IN THIS EDITION: Fiji Crisis Resolution Imminent Again - Here's Hoping - C.D. Sludge Backs Jim's People's Bank - Helen Clark's Slow Down Shows Discipline - More BS From INL And Mike Robson
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Fiji Crisis Resolution Imminent Again - Here's Hoping
Resolution of the Fiji Crisis is again imminent it seems. The news today is that George Speight has agreed to be bound by a meeting of the Great Council of Chiefs. He is even talking about a "good faith" release of the hostages over the weekend. Given that Ascension Sunday will be celebrated this weekend such a release would no doubt go down a treat among Fiji's Christians.
Sludge hopes the words will turn into action shortly, but is a little concerned - as no doubt everybody is - that Speight will again change his mind as he has so many times before. Sludge remembers that at the beginning of the crisis Speight said he would abide by the decisions of a meeting of the Great Council of Chiefs. He didn't when they didn't decide what he wanted.
Meanwhile the reaction of the NZ Government, Trade Unions and others - notably the Fijian Trade Unions - is appropriate. Waiting. Everybody it seems is waiting till the hostages are released. So is Sludge. Fingers crossed.
Why Sludge Approves Of Jim's People's Bank
C.D. Sludge, like two thirds of the population it seems, is a supporter of Jim Anderton's People's Bank proposal. The idea of providing competition to the foreign owned banks who are constantly putting up bank fees and closing branches seems more than reasonable. Sludge is a WestpacTrust customer and like many of their customers was less than impressed recently when told by the telephone banking computer that calls to the service would shortly cost 50 cents each. In the space of a couple of weeks they had changed their mind and decided to grant the first few calls free each month. From a consumers perspective one gets the impression the banks is experimenting to see just how much it can rack up its fees so as to extract the maximum pound of flesh.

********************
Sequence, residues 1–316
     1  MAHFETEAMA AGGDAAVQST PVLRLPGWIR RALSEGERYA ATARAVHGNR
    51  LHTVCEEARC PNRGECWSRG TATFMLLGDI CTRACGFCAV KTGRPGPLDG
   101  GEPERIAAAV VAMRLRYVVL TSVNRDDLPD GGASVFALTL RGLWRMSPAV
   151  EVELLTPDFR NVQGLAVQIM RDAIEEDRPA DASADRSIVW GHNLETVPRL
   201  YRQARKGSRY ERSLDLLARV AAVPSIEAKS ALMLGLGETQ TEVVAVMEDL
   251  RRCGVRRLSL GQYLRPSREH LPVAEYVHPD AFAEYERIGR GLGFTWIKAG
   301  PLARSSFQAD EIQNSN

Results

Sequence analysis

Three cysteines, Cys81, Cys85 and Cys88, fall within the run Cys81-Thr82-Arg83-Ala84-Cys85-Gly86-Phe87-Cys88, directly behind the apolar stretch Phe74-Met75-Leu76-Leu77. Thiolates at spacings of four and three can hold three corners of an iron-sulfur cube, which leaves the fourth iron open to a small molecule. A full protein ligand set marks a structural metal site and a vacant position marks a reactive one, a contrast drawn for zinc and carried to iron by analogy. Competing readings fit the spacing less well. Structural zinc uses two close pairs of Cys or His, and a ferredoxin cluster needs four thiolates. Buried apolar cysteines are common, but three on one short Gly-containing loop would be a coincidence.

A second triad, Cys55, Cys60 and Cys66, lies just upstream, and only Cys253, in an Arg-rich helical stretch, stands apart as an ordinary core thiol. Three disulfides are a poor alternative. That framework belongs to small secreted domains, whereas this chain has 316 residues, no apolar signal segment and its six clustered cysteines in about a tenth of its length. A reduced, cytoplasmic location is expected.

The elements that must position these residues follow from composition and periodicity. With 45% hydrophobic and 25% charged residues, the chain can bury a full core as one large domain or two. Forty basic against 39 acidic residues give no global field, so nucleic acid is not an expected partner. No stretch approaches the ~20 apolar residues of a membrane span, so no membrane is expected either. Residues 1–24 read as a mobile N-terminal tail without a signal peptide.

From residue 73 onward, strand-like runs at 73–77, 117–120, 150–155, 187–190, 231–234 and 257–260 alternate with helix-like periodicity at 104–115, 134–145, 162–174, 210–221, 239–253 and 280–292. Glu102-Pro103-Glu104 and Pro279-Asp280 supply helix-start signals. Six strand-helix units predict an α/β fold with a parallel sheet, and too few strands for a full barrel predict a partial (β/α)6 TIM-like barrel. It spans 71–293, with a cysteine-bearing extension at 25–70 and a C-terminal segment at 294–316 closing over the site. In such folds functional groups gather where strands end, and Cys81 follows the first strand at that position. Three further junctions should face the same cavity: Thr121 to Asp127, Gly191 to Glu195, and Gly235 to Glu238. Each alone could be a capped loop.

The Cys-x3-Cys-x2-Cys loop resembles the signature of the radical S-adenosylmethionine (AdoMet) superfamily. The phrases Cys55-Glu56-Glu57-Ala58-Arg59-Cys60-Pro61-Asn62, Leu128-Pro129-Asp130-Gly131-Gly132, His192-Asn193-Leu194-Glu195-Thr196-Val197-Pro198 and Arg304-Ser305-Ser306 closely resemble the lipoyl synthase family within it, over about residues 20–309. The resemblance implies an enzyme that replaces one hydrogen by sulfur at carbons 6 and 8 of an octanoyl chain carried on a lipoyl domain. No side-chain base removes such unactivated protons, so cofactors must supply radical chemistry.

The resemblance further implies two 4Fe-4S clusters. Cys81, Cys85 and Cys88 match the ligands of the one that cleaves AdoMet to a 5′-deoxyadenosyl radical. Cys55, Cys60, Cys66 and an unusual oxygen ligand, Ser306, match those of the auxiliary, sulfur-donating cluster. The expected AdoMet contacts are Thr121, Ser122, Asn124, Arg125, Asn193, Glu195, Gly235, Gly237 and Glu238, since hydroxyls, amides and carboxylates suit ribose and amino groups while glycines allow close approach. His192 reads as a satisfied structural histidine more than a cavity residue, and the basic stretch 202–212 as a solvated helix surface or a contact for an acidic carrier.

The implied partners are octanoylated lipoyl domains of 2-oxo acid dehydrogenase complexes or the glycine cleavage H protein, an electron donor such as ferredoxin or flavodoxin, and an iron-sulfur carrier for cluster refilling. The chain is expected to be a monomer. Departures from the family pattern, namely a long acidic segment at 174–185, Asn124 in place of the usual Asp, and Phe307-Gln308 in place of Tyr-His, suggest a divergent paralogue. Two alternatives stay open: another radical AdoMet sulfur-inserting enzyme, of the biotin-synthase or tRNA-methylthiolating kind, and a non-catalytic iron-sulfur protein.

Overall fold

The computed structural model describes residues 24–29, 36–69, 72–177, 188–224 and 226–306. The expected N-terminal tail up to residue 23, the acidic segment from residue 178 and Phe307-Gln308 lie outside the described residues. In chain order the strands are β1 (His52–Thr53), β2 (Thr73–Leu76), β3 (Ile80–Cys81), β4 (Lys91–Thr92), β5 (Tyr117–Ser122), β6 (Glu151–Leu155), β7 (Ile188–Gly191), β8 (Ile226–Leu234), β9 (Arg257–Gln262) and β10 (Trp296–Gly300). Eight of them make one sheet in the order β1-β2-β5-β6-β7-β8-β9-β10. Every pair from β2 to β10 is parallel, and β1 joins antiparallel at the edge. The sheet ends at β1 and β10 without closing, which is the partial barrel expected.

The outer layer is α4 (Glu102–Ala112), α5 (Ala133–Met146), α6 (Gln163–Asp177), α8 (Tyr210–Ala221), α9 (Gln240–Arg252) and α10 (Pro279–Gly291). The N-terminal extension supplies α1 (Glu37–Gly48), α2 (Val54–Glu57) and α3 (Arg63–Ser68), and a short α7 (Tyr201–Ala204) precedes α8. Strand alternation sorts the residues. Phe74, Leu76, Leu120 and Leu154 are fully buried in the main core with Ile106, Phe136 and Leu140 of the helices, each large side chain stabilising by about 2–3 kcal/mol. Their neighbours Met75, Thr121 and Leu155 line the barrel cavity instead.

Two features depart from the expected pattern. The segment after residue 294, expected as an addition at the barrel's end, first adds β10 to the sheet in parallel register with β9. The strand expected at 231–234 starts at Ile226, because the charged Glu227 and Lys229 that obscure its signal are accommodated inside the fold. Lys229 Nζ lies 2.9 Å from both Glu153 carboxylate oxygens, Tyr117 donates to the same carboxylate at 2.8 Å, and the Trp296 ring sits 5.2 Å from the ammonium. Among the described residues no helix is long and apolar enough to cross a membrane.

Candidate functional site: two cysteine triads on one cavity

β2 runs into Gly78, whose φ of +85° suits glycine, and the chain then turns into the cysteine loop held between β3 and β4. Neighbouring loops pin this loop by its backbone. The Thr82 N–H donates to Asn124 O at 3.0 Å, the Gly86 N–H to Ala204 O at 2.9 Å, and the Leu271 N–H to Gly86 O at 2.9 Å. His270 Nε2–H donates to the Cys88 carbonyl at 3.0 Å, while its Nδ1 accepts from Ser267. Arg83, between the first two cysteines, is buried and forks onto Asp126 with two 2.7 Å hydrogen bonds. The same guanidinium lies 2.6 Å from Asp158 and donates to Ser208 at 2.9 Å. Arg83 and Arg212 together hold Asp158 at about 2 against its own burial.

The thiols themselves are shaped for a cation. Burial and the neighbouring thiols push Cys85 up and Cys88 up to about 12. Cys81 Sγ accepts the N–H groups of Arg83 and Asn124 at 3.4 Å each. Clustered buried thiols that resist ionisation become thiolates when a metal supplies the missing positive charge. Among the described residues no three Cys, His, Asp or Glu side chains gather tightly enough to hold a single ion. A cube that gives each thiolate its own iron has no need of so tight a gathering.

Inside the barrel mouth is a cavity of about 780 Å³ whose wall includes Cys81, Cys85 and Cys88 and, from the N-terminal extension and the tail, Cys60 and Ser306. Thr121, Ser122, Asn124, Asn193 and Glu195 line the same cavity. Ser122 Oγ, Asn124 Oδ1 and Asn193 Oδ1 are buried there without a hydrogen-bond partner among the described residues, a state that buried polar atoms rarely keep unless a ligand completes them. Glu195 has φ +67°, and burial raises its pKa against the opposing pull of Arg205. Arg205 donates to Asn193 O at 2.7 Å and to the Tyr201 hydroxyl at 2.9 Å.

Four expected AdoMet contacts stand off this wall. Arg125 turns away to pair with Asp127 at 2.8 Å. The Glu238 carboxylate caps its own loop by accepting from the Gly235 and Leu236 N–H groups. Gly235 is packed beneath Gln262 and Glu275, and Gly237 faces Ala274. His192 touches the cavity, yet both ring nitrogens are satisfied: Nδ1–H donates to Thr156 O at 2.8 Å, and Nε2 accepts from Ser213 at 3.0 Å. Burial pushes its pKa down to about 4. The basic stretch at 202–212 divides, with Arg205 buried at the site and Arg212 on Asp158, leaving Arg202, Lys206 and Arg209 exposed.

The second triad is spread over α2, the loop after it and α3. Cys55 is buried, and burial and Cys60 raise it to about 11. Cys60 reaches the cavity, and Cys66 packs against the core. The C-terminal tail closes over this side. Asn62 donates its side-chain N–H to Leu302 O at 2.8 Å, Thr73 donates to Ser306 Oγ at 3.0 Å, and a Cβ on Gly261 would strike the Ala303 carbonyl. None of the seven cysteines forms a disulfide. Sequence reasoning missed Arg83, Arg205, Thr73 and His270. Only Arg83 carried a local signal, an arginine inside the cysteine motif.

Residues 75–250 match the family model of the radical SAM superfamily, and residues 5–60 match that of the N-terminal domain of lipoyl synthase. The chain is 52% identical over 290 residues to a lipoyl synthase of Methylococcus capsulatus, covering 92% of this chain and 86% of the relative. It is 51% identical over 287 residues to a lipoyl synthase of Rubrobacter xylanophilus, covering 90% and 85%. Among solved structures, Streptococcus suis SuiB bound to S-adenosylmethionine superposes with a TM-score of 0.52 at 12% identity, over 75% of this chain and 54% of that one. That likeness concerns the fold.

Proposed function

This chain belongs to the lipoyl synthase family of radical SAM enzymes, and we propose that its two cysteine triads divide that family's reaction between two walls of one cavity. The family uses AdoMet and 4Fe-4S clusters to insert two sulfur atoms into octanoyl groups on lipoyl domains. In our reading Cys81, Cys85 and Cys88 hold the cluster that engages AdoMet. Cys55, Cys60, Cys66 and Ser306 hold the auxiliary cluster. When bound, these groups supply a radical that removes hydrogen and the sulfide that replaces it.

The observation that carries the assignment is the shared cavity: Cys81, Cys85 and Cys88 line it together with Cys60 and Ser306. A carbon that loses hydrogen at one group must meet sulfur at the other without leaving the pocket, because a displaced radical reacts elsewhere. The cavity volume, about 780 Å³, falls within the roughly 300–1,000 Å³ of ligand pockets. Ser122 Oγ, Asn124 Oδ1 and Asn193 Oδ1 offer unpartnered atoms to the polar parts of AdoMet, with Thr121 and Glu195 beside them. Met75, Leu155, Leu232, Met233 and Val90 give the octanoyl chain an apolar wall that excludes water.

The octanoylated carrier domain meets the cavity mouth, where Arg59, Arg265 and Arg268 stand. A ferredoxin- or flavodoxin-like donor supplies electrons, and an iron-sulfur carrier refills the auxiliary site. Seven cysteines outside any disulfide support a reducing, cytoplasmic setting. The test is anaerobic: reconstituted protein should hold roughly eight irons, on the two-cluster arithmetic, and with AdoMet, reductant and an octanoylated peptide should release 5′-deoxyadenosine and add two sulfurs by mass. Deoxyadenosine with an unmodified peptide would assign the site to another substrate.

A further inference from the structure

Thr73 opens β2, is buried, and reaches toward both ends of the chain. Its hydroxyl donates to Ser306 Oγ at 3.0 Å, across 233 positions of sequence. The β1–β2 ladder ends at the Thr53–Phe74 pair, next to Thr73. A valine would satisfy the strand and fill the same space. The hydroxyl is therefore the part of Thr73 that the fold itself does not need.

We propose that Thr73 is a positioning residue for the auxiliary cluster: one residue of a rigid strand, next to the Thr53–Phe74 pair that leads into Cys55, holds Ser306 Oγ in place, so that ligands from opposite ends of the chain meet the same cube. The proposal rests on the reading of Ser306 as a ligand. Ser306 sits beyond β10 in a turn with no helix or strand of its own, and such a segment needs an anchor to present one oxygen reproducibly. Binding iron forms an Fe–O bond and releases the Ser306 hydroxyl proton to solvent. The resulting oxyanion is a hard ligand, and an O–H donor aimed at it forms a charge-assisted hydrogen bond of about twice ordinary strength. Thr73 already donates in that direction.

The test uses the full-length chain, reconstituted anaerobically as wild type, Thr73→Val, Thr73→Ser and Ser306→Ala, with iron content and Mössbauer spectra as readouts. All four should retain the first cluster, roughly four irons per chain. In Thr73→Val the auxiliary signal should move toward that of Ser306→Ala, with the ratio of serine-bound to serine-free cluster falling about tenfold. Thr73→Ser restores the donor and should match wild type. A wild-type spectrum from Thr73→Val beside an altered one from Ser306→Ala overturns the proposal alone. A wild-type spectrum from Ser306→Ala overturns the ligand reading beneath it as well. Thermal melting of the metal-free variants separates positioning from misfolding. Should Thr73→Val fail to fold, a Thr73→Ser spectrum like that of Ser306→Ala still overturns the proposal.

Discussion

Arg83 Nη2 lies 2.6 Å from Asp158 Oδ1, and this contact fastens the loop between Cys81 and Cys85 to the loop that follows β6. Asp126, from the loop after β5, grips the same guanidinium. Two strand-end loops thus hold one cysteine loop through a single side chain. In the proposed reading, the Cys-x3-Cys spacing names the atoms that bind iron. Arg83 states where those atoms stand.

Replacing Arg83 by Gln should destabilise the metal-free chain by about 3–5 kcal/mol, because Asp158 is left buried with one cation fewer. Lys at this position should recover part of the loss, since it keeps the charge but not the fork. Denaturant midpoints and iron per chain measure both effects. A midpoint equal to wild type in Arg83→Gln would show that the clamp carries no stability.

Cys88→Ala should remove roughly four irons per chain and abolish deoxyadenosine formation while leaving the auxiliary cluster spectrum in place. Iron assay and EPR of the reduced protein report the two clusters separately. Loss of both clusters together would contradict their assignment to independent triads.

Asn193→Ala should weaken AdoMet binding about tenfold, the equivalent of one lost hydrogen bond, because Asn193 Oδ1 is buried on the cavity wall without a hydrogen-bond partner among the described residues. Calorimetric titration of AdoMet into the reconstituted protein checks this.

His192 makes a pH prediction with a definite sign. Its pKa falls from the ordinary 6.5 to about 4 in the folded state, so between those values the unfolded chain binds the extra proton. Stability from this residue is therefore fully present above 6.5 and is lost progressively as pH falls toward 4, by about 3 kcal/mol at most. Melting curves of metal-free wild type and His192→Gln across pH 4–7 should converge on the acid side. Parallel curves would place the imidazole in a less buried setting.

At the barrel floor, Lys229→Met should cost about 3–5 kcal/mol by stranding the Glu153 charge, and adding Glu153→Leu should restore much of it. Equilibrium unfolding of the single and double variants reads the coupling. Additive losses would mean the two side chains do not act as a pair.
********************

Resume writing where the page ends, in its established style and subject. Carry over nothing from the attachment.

Sludge objects strenuously. Computer based processing - electronic service - is inherently efficient. Computers are cheaper - much cheaper - to operate that bank tellers. Costs also tend to be fixed, that is the overall cost of maintaining a telephone banking system is pretty static no matter what the volume of transactions is. As the number of transactions increases the cost per transaction falls and the banks start to make ever larger returns on the funds employed in providing the service. In such an environment a flat fee for banking services would seem fairer - but this is not offered - by any of the banks. The same is true of Eftpos and ATM transaction processing. Both however are also subject to increasing - per transaction - fees. This is in Sludge's view encouraging economic inefficiency by providing an incentive not to use electronic payment methods. That is an incentive to the customer to minimise the number of transactions making them less economic for consumers and banks.
New Zealanders have taken to electronic banking in a big way. Logically they should be rewarded for this with lower transaction fees. Yet the banks - like the oil companies - rather than competing on fees are instead just racking up the charges in a uniform manner. Sludge like all NZers cannot avoid these fees, and is not happy about it.
Sludge also recalls a bit of the history of electronic banking in NZ that many have probably long forgotten. In the beginning it was in fact Trustbank - the community trust owned bank - that fostered the phenomenally successful and user friendly Eftpos electronic payment network. While initially the service was supported by other banks too, not long after it was launched they decided it wasn't economic, and pulled out. Trustbank customers then became the only ones who were able to use the service. Only after Trustbank's support led to the service being so widely used did the rest of the, foreign owned, banks come back to the party. The service remained a wonderfully cheap and convenient way to shop until - you guessed it - Trustbank was sold. Now both retailers and purchasers are charged relatively large "per-transaction" fees for every purchase. That is why the Dairy has a sign saying any purchase under $10 on Eftpos will incur a 25 cent fee.